Web Only Story

LIVE REVIEW: Ghost, Marissa Nadler • October 14 • The Moore Theater by Tommy Calderon

An ornate golden chandelier hung high above my head as I stood at the foot of the stage of The Moore Theater in Seattle. People slowly filled their seats as the clock drew closer to curtain call.

The anticipation I felt for this show was mutually shared between the other photographers and the attendees. Any sign of someone on stage whether it was a glimpse of a potential musician or stage hand, clapping and hollering would ensue. All of this excitement was rightfully due.

Marissa Nadler opened the show in a very subdued and mellow way. Her spacious and minimalistic indie folk music isn’t what you’d typically expect before a band like Ghost but it set the mood very well.

Nadler was accompanied by another guitarist on stage and backing drum track at times.   Songs droned and were full of sustain. Her voice complimented the minimalistic sounding and atmospheric music by providing a clear somewhat melancholy melody.

Her songs were enthralling, full of emotion and her guitar playing was beautiful. About halfway through her set, she performed a cover of Danzig’s “Blood and Tears.” Nadler gave more soul and feeling to that song that anyone else could ever give.

She performed for roughly 40 minutes but I easily could have watched her for an hour or two. Her set was like the opening procession theme to what would be Ghost’s (as they call it) Black Mass.

Nadler’s set came to a close and a fog began to roll in. By this point seats were mostly filled and the anticipation grew even stronger. Miserere Mei Deus began to emanate from the speakers, a calling to come to your seat if you hadn’t already. More fog filled the stage and spilled over into the seats. The choral chanting was haunting as the lights dimmed almost unnoticeably. Drapes covered the instruments on stage after a slow and single note drum soundcheck. In a ceremonious action, stage hands stepped on stage, bowed toward each other and removed the drapery revealing the drums and keyboard. They quietly left the stage soon after.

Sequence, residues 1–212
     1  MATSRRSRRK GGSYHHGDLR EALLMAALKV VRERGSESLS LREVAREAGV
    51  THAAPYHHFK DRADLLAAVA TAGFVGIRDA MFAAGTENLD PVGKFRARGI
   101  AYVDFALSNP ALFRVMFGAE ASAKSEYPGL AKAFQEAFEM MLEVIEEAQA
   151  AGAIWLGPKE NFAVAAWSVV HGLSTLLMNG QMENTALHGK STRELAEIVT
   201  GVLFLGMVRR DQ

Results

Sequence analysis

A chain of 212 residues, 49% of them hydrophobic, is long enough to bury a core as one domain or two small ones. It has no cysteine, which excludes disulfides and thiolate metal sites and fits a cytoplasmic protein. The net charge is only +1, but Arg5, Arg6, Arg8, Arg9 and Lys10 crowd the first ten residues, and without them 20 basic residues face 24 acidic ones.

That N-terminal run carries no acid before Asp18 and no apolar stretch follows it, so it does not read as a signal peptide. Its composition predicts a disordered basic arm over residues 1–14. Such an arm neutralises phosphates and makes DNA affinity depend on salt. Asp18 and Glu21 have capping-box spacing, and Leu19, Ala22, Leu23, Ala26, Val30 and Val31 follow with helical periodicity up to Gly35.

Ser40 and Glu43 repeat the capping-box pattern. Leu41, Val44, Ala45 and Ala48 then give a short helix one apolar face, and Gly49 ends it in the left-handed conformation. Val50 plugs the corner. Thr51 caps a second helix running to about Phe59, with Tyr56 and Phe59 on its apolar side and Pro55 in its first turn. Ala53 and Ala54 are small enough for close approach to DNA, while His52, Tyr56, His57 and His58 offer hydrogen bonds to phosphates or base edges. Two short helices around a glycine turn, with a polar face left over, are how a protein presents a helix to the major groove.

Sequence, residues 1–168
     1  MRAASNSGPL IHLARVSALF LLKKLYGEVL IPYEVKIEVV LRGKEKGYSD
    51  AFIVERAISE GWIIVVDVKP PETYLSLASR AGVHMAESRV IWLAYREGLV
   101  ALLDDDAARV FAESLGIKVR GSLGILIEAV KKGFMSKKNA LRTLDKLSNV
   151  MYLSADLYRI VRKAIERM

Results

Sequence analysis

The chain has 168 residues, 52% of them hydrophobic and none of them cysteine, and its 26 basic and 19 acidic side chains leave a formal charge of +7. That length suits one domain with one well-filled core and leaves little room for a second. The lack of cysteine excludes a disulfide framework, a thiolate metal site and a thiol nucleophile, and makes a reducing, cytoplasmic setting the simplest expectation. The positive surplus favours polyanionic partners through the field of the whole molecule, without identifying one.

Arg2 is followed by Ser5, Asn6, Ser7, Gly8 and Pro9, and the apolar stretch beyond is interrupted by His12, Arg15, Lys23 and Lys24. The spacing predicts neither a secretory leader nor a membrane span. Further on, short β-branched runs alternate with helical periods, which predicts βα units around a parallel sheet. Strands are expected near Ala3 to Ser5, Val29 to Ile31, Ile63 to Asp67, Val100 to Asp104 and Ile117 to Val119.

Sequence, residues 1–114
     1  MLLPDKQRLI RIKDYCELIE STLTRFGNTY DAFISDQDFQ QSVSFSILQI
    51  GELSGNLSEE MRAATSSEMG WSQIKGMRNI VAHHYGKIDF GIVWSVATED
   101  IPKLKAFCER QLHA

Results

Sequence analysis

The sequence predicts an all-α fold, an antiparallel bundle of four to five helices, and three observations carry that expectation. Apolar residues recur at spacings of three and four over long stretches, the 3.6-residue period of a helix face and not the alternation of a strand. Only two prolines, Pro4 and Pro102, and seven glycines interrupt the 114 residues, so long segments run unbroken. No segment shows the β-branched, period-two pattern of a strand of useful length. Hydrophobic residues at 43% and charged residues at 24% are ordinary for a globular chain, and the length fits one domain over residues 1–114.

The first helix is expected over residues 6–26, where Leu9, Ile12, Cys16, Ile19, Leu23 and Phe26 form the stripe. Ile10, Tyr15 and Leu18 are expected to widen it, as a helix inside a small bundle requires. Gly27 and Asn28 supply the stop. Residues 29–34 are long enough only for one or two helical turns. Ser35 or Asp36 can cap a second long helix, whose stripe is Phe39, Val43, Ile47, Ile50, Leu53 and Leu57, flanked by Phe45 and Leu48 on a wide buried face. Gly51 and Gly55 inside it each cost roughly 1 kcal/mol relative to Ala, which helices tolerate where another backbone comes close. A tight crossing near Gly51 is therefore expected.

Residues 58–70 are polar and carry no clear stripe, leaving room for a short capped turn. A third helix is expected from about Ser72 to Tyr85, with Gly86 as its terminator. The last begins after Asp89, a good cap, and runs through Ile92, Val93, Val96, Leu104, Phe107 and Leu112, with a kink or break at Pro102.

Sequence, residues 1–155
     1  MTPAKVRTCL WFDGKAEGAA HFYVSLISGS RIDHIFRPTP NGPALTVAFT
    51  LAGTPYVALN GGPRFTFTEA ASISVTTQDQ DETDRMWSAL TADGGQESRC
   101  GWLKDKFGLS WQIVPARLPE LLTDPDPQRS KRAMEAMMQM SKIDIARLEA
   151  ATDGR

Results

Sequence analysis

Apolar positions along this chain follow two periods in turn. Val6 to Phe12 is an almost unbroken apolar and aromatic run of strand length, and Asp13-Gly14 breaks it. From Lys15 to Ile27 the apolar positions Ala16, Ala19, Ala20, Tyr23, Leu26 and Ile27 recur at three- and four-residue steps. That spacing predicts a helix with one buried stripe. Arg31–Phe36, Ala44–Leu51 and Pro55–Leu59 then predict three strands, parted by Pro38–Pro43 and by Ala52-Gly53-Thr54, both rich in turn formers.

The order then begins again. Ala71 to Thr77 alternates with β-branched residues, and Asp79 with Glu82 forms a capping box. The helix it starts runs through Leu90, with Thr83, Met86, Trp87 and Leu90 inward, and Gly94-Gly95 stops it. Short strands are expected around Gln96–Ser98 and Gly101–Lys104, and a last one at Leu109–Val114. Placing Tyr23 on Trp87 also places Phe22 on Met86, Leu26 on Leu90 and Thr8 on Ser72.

The song ended as lights went down completely. A sudden glow of red lights projected into the crowd as Jocelyn Pook’s “Masked Ball” began to play. It’s an incomprehensible chant and drone that rumbled the theater. The black mass had begun.

A flash of lights and Ghost’s new single “Square Hammer” erupted.

Up until that night I had never witnessed such a build and unbelievably strong opening. It was brilliant use of fog, lights and music. Theatrical hardly describes the magnificent experience Ghost had already given myself and the rest of the audience within first few measures of their first opening song.

Draped in black, gold and purple robes, lead singer, Papa Emeritus III, emerged from the back of the stage from a cloud of fog, a spotlight haloing him for the crowd to see. The Nameless Ghouls that make up the rest of the band seemingly stoic from their expressionless silver horned masks jerked and moved with ease as they played their parts.